On January 13, 2017, OpenTheGovernment.org and our partners at the Electronic Frontier Foundation (EFF) held a high-level roundtable meeting, bringing together experts to discuss avenues for advancing a more open and transparent approach to trade negotiations. The morning segment included OTG partners and experts from the Open Digital Trade Network. In the afternoon, representatives from the U.S. Trade Representative (USTR), along with individuals from other agencies and staff from Congressional offices involved in trade policy joined the meeting.
The morning session began with an exchange of ideas about past and ongoing civil society initiatives, and presentations of proposals on ways to advance transparency and participation in trade negotiations. EFF presented its background document, developed in coordination with members of the Digital Trade Network, and OTG discussed the proposal submitted to the USTR last year (see the recommendations here). As participants presented their proposals, the group developed a set of recommendations to present, in the afternoon session, to the government representatives, and discussed potential opportunities to amplify efforts to make trade negotiations more transparent and inclusive.
The event centered on discussing the following recommendations: 1.) Publish U.S. textual proposals on rules in ongoing international trade negotiations; 2.) Publish consolidated texts after each round of ongoing negotiations; 3.) Appoint a “transparency officer” who does not have structural conflicts of interest in promoting transparency at the agency; 3.) Open up textual proposals to a notice and comment and public hearing process; and 5.) Make Trade Advisory Committees — if they are to be retained in addition to the public notice and comment and public hearing process — more broadly inclusive. (See the full set of recommendations discussed in this post by EFF).
Today’s trade deals extend well beyond traditional trade matters, and have a direct impact on public health, the environment, digital rights, and a number of other policy areas (See Public Citizen’s background on the TPP). Moreover, the current Trade Advisory Committee system tends to provide representatives of affected industries with disproportionate influence. It favors these private sectors interests over public interest representatives. In the case of the TPP, for example, industry representatives had direct access to the texts and the ability to influence the agreement, while the public and members of Congress were largely denied such access. This structure has fueled distrust, and led to opposition to trade deals when the contents of the agreements are leaked or finally released. An alternative approach would be for the USTR to manage its trade negotiation process in the same way as other federal policymaking– through a public notice mechanism that allows for comments on draft texts throughout negotiations, and on final texts.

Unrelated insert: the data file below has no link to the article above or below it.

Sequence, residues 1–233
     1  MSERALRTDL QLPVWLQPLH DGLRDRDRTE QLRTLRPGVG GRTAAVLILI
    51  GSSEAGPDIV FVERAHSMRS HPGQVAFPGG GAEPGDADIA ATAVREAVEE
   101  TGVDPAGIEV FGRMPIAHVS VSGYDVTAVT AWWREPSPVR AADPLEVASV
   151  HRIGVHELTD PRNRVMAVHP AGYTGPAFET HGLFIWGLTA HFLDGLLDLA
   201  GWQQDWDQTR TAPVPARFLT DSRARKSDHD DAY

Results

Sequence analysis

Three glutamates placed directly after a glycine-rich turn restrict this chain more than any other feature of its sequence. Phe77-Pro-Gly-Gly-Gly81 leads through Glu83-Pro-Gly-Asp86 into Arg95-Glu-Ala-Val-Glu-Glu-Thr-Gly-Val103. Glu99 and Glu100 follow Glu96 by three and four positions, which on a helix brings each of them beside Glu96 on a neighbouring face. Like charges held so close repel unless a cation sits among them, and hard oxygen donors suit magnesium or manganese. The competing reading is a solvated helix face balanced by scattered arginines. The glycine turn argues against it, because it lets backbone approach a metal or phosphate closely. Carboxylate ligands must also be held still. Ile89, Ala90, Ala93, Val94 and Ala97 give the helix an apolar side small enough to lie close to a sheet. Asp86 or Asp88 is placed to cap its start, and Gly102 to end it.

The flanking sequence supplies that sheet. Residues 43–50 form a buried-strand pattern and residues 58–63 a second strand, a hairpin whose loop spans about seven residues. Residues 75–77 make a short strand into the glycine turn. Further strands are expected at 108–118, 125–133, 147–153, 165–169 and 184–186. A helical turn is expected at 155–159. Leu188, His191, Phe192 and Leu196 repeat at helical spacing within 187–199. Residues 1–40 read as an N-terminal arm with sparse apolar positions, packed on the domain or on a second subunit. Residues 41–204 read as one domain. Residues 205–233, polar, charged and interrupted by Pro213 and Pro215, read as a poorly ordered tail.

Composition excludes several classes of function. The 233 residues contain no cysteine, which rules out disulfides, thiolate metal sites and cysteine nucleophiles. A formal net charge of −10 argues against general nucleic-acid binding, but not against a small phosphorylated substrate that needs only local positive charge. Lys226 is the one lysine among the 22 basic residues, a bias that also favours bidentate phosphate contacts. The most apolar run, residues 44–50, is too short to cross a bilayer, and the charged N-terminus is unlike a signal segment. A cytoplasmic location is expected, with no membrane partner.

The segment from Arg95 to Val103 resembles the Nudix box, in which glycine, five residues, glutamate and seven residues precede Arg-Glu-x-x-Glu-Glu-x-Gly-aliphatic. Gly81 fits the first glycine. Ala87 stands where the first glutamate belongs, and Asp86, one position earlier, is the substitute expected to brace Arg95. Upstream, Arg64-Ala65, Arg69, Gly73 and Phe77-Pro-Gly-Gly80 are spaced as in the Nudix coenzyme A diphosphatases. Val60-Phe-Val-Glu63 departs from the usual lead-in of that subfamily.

The roundtable provided a useful forum to gather feedback from the government representatives on limitations and opportunities for advancing reforms going forward. Participants discussed the potential to advance reforms through the legislation that Rep. Dingell introduced last session (the “Promoting Transparency in Trade Act“), and is preparing to re-introduce this Congress. The bill draws closely from the recommendations that OTG and partners delivered to the USTR last fall, including provisions that would require disclosure of U.S. text proposals on rules in ongoing international trade negotiations, as well as disclosure of consolidated texts after each round of negotiations.
The roundtable was part of OTG’s efforts to amplify the openness voice in conversations on reforming the U.S. trade negotiation processes, build support from a broader swath of civil society actors, and raise public awareness about the importance of transparency in trade deals.
For more on OTG’s work relating to trade transparency, see: